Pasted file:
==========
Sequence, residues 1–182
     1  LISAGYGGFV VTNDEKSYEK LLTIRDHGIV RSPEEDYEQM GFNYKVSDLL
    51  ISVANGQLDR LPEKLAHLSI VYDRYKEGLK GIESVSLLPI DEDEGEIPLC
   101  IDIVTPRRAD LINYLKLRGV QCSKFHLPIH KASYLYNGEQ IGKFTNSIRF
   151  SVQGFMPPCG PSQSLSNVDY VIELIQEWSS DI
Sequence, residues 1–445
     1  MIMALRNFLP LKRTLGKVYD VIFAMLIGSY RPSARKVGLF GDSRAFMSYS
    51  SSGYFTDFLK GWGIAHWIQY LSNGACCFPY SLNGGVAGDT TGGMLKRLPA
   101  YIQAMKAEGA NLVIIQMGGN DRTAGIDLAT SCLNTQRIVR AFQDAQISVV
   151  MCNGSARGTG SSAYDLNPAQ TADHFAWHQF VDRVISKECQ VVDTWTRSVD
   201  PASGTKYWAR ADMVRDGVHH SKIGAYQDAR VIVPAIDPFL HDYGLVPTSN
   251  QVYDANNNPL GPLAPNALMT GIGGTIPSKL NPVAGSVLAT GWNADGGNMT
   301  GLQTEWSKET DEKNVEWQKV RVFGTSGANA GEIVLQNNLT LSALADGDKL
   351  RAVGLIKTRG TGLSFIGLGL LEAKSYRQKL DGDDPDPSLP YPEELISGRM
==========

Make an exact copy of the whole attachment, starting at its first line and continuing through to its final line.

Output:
Sequence, residues 1–182
     1  LISAGYGGFV VTNDEKSYEK LLTIRDHGIV RSPEEDYEQM GFNYKVSDLL
    51  ISVANGQLDR LPEKLAHLSI VYDRYKEGLK GIESVSLLPI DEDEGEIPLC
   101  IDIVTPRRAD LINYLKLRGV QCSKFHLPIH KASYLYNGEQ IGKFTNSIRF
   151  SVQGFMPPCG PSQSLSNVDY VIELIQEWSS DI
Sequence, residues 1–445
     1  MIMALRNFLP LKRTLGKVYD VIFAMLIGSY RPSARKVGLF GDSRAFMSYS
    51  SSGYFTDFLK GWGIAHWIQY LSNGACCFPY SLNGGVAGDT TGGMLKRLPA
   101  YIQAMKAEGA NLVIIQMGGN DRTAGIDLAT SCLNTQRIVR AFQDAQISVV
   151  MCNGSARGTG SSAYDLNPAQ TADHFAWHQF VDRVISKECQ VVDTWTRSVD
   201  PASGTKYWAR ADMVRDGVHH SKIGAYQDAR VIVPAIDPFL HDYGLVPTSN
   251  QVYDANNNPL GPLAPNALMT GIGGTIPSKL NPVAGSVLAT GWNADGGNMT
   301  GLQTEWSKET DEKNVEWQKV RVFGTSGANA GEIVLQNNLT LSALADGDKL
   351  RAVGLIKTRG TGLSFIGLGL LEAKSYRQKL DGDDPDPSLP YPEELISGRM